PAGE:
Never one to shy away from adventure, Elvis Costello has spent the past eight years tearing up his original brief.
First he made an album, Wise Up Ghost, with hip-hop band The Roots. Then he assembled a supergroup with Marcus Mumford, to create fresh tunes for an unearthed box of old Bob Dylan lyrics.
Throw in the time spent writing his hefty autobiography and it seems that the singer born Declan McManus has been trying his best to avoid doing anything that sounds remotely like Elvis Costello — a theory given credence by his dismissal of his 2010 solo effort National Ransom as "the end of the line."
That is now changing, and his 31st album is one of the autumn's most pleasant surprises.
An impeccably crafted set of melodically strong, lyrically observant songs, Look Now will delight anyone who grew up with 1982's lush Imperial Bedroom and 1983's soulful Punch The Clock.
Another key touchstone is Painted From Memory, Costello's 1998 album with Burt Bacharach. The latter has co-written three poised ballads here (he plays piano on two) and his influence looms large.
With another track penned with Carole King, Look Now is steeped in masterly pop song-writing. Opening track "Under Lime" sets the bar high. A vivid sketch of an awkward tryst between a fading country singer and a clipboard-toting younger woman in the green room of a hokey American TV show, its scathing lyrics — "he whistles out of tune and his words don't always rhyme" — are set to an opulent arrangement that wouldn't have sounded out of place on The Beatles' Sgt. Pepper album.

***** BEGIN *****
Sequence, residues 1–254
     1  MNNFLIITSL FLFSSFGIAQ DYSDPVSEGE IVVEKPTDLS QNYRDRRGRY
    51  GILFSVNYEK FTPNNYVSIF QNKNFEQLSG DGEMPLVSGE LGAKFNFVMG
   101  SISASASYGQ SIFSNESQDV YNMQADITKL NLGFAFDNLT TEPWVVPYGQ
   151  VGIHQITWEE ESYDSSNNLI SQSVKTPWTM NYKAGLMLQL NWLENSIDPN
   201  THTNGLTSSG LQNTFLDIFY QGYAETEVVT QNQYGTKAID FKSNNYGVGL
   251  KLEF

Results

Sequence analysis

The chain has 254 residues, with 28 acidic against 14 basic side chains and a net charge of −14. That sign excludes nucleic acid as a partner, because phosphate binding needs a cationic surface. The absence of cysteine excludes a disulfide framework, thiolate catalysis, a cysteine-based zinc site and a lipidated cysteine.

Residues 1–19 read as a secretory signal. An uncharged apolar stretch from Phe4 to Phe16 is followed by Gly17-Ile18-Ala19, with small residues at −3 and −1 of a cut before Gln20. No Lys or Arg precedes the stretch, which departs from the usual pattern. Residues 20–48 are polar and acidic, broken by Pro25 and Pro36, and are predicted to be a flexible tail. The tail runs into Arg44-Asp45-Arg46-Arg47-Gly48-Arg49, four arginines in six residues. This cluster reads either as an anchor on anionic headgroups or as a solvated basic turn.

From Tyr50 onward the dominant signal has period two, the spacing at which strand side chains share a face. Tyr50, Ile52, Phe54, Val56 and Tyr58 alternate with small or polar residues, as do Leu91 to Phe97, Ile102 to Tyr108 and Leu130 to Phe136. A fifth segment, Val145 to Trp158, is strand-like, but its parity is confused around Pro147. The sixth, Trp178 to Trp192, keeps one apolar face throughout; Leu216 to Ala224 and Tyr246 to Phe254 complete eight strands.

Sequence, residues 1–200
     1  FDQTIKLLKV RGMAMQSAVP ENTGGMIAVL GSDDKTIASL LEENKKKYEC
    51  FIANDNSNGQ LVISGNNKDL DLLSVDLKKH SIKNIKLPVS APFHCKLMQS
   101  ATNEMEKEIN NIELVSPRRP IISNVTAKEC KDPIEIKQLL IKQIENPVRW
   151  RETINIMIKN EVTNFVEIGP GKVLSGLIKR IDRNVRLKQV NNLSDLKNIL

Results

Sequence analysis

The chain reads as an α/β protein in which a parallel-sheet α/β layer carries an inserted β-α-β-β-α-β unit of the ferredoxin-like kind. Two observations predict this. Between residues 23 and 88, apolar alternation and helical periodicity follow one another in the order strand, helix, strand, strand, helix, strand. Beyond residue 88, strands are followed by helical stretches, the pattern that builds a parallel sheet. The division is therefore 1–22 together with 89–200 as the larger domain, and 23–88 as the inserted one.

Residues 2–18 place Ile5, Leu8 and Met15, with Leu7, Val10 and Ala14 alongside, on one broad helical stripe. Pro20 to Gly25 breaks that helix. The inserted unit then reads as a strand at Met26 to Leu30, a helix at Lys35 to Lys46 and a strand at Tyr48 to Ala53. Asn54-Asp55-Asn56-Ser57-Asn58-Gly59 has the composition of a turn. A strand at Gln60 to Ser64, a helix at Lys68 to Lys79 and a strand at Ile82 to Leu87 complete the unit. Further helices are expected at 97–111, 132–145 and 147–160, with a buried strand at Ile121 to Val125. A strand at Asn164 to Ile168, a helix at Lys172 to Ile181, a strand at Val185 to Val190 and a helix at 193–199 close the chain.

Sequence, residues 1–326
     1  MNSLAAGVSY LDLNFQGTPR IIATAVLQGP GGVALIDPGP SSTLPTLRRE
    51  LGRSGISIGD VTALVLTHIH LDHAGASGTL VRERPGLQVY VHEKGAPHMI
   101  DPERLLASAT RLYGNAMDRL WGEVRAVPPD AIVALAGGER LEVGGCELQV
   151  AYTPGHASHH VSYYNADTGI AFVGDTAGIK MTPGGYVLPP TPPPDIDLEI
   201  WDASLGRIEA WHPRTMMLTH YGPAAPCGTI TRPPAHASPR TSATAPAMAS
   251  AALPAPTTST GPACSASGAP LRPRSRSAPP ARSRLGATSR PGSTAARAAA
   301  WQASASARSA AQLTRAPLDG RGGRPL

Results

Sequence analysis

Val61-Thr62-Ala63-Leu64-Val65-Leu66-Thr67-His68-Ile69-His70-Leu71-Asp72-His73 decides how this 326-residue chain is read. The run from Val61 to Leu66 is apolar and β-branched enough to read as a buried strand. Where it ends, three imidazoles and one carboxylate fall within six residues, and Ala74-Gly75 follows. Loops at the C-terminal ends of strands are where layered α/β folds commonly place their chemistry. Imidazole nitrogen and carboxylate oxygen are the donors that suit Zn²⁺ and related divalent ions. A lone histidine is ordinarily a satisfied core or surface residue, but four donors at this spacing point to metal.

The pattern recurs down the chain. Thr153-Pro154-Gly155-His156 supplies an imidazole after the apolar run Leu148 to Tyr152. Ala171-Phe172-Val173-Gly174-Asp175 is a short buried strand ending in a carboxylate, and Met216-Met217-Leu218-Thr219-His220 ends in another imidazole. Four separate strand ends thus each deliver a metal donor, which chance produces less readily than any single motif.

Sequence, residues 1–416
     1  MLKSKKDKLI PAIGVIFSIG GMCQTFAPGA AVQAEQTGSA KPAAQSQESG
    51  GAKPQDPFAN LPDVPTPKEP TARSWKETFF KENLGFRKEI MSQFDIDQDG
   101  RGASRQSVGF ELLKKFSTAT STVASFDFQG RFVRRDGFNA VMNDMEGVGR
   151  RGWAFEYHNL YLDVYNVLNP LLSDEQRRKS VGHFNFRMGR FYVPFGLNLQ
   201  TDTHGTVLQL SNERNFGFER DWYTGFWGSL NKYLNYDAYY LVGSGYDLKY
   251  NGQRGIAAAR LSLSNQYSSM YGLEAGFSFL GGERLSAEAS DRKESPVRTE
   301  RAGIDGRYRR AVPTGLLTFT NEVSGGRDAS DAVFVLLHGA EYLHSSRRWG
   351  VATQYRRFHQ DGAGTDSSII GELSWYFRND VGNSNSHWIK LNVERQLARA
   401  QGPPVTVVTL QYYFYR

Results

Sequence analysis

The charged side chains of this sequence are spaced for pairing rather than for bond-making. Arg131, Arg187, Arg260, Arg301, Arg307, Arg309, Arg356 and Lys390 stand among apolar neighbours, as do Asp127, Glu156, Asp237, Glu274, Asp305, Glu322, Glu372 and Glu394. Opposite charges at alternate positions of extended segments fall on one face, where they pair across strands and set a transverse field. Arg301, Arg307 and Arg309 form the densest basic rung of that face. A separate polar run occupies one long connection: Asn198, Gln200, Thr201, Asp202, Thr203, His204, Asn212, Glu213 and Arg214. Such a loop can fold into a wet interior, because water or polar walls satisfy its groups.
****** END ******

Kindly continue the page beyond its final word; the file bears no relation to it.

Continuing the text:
A tangled relationship is to the fore again on the Carole King collaboration, "Burnt Sugar Is So Bitter," which depicts a wife on the brink of walking out on a fading marriage.
Elsewhere, Motown pastiche "Unwanted Number" is written from the perspective of a spurned single mother, and the plaintive "Photographs Can Lie," one of several other songs featuring a female protagonist, sees a crestfallen daughter reflecting on the failings of her cheating father.
It's vintage Costello terrain. These songs don't quite take the singer, 64, back to the Mr Revenge And Guilt character that inhabited his 1977 debut album My Aim Is True, a record that blended punk anger and classic songwriting, but they pack an almighty emotional punch.
It also helps to have two members of his original backing band, The Attractions, back on board for the first time in a decade.
Keyboardist Steve Nieve and drummer Pete Thomas, augmented by bassist Davey Faragher, now call themselves The Imposters, and their presence adds a reassuringly familiar feel to songs such as blue-eyed soul number "Suspect My Tears."
The echoes of Imperial Bedroom are poignant, too. That album was produced by Geoff Emerick, the former Beatles sound engineer who died last week, and Look Now's intricate arrangements are a timely tribute.
As for Costello — who recorded his vocals while recovering from surgery to remove a cancerous malignancy (a scare he has constantly downplayed by insisting he was "extremely lucky") — it feels good to see him coming full circle to show his true colours again.